Daily Dose: Waiver claim nets ChiSox Rios

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Alex Rios signed a seven-year, $70 million extension with the Blue Jays just 13 months ago, but on Monday afternoon general manager J.P. Ricciardi decided to simply dump the remainder of that contract on the White Sox when they put in a waiver claim for the 28-year-old. “This allows us to get out from under a contract and enables us to do more to address our club going forward,” Ricciardi said.
Rios is a career .285/.335/.451 hitter who’s at just .264/.317/.427 this year, so it’s tough to blame Ricciardi for not wanting to pay him an average of $12 million per season through 2014. However, Rios’ great glove and baserunning mean that his value goes far beyond production at the plate and if he returns to pre-2009 levels the White Sox will gladly pay that to replace impending free agent Jermaine Dye.
For now though Dye remains the starting right fielder and Carlos Quentin is fixed in left field, so most of Rios’ playing time figures to come at the expense of Scott Podsednik in center field. Calling the White Sox’s power-boosting ballpark home gives Rios a much improved chance of finally cracking 25 homers at some point, but in the short term a crowded outfield could take a chunk out of his value.
While the Blue Jays shed payroll and the White Sox add an underrated outfielder in his prime, here are some other notes from around baseball …


* Just when an eight-game winning streak finally had the Nationals headed in the right direction, the team received bad news during Monday’s off day. Dr. James Andrews has recommended Tommy John elbow surgery for Jordan Zimmermann after reviewing his MRI exam. Zimmermann may seek a second opinion, but the 23-year-old right-hander is done for the season and figures to go under the knife.
Zimmermann looked extremely promising before suffering the injury around three weeks ago, posting a 4.63 ERA and 92/29 K/BB ratio in 91.1 innings spread over 16 starts after basically skipping Triple-A. With a bit more seasoning and a better defense behind him Zimmermann looked like a possible ace and he may still get there, but it likely won’t be until at least 2011.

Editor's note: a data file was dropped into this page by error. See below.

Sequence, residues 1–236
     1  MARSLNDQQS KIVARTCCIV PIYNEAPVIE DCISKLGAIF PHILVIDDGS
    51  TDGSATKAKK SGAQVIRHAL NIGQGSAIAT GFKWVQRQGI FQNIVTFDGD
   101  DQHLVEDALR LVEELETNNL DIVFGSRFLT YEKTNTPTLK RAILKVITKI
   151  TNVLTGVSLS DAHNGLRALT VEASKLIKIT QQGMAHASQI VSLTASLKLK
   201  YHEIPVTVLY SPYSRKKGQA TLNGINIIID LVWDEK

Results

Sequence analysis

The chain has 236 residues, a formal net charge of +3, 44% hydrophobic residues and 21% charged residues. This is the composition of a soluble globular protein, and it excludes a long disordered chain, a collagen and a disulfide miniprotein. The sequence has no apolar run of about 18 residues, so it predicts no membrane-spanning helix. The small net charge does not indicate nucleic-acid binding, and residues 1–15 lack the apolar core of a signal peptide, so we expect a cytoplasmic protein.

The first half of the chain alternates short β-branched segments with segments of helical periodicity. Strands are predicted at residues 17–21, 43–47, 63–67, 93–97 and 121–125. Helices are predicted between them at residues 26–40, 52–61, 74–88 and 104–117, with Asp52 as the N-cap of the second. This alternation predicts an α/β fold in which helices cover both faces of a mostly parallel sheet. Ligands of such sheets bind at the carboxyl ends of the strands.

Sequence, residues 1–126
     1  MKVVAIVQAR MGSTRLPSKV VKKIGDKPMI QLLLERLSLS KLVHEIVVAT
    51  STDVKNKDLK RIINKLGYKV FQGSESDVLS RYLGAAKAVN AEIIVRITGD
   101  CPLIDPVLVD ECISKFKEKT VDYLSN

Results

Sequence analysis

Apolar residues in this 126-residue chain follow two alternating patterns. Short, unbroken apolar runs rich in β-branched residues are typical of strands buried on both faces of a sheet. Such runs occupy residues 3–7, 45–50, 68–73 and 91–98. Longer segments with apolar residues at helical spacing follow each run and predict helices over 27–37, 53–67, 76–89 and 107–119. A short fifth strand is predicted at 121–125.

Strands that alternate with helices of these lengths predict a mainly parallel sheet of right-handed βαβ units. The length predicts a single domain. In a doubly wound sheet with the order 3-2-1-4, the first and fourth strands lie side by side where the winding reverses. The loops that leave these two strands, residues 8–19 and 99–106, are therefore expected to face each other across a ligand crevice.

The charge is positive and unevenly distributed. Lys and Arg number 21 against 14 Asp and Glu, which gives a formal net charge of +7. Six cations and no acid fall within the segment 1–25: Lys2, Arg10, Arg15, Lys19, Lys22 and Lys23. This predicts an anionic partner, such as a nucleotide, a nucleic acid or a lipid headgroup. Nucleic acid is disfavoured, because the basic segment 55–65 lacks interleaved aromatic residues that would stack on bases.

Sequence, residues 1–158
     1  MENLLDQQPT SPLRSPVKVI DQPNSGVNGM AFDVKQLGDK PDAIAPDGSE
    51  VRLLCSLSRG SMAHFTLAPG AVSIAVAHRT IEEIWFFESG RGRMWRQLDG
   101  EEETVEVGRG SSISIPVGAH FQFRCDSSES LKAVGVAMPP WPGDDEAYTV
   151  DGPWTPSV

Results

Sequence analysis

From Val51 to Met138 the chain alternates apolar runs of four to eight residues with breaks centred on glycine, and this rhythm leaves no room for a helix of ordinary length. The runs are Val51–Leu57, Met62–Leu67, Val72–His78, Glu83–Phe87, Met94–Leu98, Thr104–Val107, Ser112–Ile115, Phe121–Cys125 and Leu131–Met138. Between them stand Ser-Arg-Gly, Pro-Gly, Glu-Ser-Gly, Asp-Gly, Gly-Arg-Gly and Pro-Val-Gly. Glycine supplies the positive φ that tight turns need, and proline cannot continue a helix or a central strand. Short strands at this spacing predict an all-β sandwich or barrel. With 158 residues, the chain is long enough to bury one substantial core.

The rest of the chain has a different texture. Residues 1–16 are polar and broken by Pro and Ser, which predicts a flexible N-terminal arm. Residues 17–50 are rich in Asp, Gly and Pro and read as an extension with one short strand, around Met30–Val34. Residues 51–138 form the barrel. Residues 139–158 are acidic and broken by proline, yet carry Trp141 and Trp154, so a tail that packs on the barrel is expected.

* Chris Young certainly earned a demotion to Triple-A by hitting .194/.297/.359 in 103 games, but it was still surprising to see the Diamondbacks actually make the move Monday. His sub-.200 batting average shouldn’t shock anyone after Young hit .237 as a rookie and .248 last season, but just seven homers in 315 at-bats stands out after he showed about twice that much power coming into the year.
Young will likely be back once rosters expand in September and remains part of the long-term plans, so he may be a bargain in NL-only leagues next year. In the meantime Arizona added Rusty Ryal to play some second base, Ryan Roberts is likely to see time in left field along with Trent Oeltjen, and Gerardo Parra is the everyday center fielder. Ryal has a cool name and 20-homer pop, but little else.
* Pedro Martinez will join the Phillies’ rotation Wednesday against the Cubs, with Charlie Manuel announcing that Jamie Moyer and his 5.47 ERA will be moved to the bullpen. Previously the Phillies said that Moyer wasn’t a relief option, but J.A. Happ has simply been too good to pull from the rotation and Martinez striking out 11 in his third rehab start apparently convinced the team that he’s an upgrade.